Jon Husted survived the season as Ohio's top lightning rod for election controversies. But will the post affect the Republican's political future and a possible run for governor?

On August 14, Ohio Secretary of State Jon Husted woke up to a scathing editorial in the New York Times, taking his office and Ohio Republicans to task for what the paper's editorial board said was an attempt to limit voting hours in predominantly Democratic areas. "In counties likely to vote for President Obama," the editorial read, "Republicans have voted against the extended hours, and Mr. Husted has broken the tie in their favor."

Husted was furious, believing the editorial was misinformed. But out of the rising controversy, he saw an opportunity. The next day the veteran Republican politician, who has charted a moderate course during an increasingly partisan age, directed all counties to follow uniform early-voting hours. His actions reminded election-savvy Ohioans that he had pushed the same issue the year before, only to see the resulting law overturned by the Republican-controlled General Assembly.

"I was fearful that if I would have done this up front, people would have thought I was overstepping my authority," Husted said right before the Nov. 6 election. "But when the controversy arose, and people demanded that I do something about it, that was great because we were then able to take decisive steps to set hours in the state that were consistent across all counties."

Being a target of criticism is an occupational hazard for politicians. But Ohio secretaries of state are even more prone to second-guessing, a trend that began in earnest after the 2000 election and the U.S. Supreme Court's decision in Bush v. Gore. What had once been a sleepy office dedicated to running Ohio elections and overseeing business filings has become a lightning rod for accusations of partisan activity and even election tampering.


Former Ohio Secretary of State Ken Blackwell, a conservative Republican who served from 1999 to 2007, was vilified by the left for actions he took during the 2004 election, such as issuing a directive requiring voter registration applications be printed on paper of a certain weight. To this day, conspiracy theorists believe Blackwell hijacked the 2004 election for George W. Bush. Although Blackwell easily won the GOP gubernatorial primary in 2006, he was trounced by Democrat Ted Strickland that fall in the general election.

Democrat Jennifer Brunner was similarly attacked by those on the right about decisions she made in the office she held from 2007 to 2011-including her refusal to release the names of voters whose registration information did not match data from the state Bureau of Motor Vehicles or the Social Security Administration.

What makes this new level of partisanship all the more frustrating to Blackwell and others is that by comparison to other states, Ohio's elections system is bipartisan and decentralized, with county boards of elections split between two Democrats and two Republicans. Many Ohioans know this, but outsiders still focus on the secretary of state as the architect of the entire process.

All this sounds familiar to Husted, who is following a predictable track among Ohio politicians. He has risen from state lawmaker to speaker of the House, to the state Senate and now to secretary of state. Long dubbed his party's golden boy, he's presumably a candidate for governor, likely in 2018. But after a series of controversial rulings from his office-which were subsequently overturned by federal courts-will Husted's time as secretary of state blemish his reputation enough to keep him out of the governor's office?

"It is very difficult to run for a governorship or (U.S.) Senate position since 2000 having served as secretary of state for four or eight years," Blackwell said, "because for those four or eight years you're highly targeted by the other side and you're defined and demonized. It makes independent voters harder and harder to reach."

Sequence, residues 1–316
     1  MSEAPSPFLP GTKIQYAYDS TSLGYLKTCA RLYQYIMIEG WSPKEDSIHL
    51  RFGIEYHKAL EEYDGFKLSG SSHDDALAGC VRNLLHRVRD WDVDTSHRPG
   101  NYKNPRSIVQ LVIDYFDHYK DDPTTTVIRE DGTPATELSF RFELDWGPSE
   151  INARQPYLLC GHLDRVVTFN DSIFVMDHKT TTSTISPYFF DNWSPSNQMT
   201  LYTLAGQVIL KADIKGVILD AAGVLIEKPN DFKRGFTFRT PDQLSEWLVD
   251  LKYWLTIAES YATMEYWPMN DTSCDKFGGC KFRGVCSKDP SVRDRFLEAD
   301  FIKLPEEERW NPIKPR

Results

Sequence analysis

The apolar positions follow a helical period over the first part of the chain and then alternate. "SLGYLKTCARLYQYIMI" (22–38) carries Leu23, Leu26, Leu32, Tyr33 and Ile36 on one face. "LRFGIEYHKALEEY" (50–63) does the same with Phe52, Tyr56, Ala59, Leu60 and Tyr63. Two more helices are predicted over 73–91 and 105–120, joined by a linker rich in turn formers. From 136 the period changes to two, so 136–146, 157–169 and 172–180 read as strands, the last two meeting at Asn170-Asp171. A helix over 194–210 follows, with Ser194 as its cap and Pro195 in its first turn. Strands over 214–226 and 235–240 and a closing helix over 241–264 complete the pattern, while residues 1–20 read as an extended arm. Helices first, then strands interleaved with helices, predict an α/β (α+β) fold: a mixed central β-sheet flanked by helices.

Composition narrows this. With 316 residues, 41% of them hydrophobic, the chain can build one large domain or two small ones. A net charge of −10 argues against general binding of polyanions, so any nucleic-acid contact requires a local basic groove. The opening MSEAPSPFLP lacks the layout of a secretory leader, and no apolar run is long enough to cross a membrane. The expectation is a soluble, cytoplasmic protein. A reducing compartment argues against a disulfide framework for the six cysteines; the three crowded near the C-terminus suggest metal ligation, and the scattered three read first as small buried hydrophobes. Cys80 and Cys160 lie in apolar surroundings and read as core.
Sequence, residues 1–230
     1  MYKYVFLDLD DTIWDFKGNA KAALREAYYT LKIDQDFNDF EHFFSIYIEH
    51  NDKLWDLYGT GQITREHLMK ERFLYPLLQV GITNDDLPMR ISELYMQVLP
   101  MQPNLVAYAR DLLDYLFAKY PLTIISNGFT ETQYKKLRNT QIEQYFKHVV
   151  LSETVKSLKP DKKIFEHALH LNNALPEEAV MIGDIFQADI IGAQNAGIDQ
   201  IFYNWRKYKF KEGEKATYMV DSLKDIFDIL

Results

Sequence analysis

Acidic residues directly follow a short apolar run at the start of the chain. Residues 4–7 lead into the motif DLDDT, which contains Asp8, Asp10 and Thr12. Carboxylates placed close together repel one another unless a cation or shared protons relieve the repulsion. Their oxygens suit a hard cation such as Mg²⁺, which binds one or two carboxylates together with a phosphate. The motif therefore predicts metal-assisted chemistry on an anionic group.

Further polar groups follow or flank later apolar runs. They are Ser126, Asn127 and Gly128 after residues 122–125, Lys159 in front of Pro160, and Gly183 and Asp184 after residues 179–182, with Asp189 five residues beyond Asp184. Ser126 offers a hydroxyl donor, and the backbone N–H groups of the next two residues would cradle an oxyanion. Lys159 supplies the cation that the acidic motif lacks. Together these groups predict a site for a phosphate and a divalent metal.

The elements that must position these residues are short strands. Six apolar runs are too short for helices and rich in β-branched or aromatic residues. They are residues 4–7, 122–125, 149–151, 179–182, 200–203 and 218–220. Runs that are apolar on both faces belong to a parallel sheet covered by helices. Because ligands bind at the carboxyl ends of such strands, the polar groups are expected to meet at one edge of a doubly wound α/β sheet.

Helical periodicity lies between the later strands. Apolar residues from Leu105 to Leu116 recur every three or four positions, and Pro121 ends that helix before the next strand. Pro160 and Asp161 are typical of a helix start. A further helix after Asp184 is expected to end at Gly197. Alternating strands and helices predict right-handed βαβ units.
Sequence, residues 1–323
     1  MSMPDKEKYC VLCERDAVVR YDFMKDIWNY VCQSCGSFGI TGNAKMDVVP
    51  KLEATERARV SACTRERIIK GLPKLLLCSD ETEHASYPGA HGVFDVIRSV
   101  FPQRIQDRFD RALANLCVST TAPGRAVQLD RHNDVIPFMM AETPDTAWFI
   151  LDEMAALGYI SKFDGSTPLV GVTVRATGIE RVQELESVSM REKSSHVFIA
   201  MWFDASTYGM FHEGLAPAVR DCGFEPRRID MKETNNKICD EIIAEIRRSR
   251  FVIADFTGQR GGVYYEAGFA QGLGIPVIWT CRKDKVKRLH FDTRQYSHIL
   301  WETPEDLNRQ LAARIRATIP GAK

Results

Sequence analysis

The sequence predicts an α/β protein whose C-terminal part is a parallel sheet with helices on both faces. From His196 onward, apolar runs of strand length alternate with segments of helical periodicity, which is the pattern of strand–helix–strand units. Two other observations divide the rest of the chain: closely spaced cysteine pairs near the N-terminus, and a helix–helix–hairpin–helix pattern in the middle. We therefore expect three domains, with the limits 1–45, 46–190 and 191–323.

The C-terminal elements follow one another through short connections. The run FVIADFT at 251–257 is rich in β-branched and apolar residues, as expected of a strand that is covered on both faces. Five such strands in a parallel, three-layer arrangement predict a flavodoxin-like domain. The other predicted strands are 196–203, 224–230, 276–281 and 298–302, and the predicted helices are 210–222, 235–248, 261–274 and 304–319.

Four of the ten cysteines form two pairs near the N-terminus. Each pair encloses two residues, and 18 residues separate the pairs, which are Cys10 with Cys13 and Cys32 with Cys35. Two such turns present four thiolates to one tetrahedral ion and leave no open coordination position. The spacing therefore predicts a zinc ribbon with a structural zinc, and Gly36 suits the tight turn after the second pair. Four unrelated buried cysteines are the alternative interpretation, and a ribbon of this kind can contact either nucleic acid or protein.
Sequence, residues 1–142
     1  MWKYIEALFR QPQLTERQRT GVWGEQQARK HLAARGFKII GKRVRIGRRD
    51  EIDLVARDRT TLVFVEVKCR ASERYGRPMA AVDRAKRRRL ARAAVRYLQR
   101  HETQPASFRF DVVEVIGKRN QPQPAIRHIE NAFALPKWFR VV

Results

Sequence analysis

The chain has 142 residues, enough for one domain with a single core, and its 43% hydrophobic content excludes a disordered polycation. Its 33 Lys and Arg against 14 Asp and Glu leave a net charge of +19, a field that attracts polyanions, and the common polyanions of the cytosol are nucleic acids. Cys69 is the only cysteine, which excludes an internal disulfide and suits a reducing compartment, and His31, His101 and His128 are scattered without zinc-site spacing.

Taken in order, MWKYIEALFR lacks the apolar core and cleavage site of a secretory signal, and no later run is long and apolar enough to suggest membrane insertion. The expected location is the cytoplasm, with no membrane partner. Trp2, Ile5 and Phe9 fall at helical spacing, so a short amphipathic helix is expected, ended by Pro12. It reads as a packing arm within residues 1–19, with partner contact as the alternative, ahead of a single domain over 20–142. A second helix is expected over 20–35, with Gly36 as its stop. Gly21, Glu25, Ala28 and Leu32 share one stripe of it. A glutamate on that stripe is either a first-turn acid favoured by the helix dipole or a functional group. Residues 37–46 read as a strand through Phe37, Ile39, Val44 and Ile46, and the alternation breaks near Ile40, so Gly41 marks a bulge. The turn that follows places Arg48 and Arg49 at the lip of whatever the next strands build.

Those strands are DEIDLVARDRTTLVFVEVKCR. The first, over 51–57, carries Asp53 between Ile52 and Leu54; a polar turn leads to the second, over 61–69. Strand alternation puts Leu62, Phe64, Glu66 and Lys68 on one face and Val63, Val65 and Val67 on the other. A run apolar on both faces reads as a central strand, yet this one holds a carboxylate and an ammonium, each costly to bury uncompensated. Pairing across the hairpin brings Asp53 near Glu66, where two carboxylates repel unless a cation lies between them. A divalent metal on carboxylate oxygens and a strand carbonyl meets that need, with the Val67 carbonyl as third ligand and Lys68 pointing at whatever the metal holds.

Husted is coy about his future. He won't talk about future campaigns, saying he wants to focus on his job as secretary of state. "2018?" he said. "Such a long way away." The only move he specifically rules out is one to Washington: He believes he can have the most influence here in Ohio.


As an All-American defensive back at the University of Dayton, Jon Husted's specialty was returning punts-a skill that has come in handy for the member of the 1989 Division III National Championship football team when facing long hauls across hostile political territory.

Husted, who was adopted, became an advocate for adoption, and as House speaker he killed a bill that would have banned adoption by gay parents. That move was a thumb in the eye to those on his party's right wing, as was his opposition later, after he was elected secretary of state, to a law requiring voters to show photo ID at the polls.

As a member of the five-person state ballot board, he also bucked the interests of fellow Republicans last fall when he supported "no means no" ballot language in the effort to overturn the law restricting public employees' collective bargaining rights. Republicans, who opposed repealing the law, supported a "no" vote meaning the law should not be repealed, since Ohioans traditionally vote "no" on unfamiliar issues. Husted's position, that a "no" vote on the issue should mean repeal of the law, was the ultimate outcome. Voters opted overwhelmingly last year to repeal the collective bargaining law.

Husted has also been a proponent of revamping the way Ohio draws congressional maps, although he opposed the plan known as Issue 2 which died on the November ballot.

But Husted's moderate streak was unrecognized during the election season thanks to a number of controversies. In addition to the uniform voting hours flap, Husted was criticized for his decision to remove the Democrats from the Montgomery County elections board when they voted for early voting weekend hours after Husted's directive limited early voting to weekdays. That decision survived a lawsuit, with a federal appeals court ultimately siding with Husted. Conservatives, meanwhile, weren't happy with his efforts to expand early voting.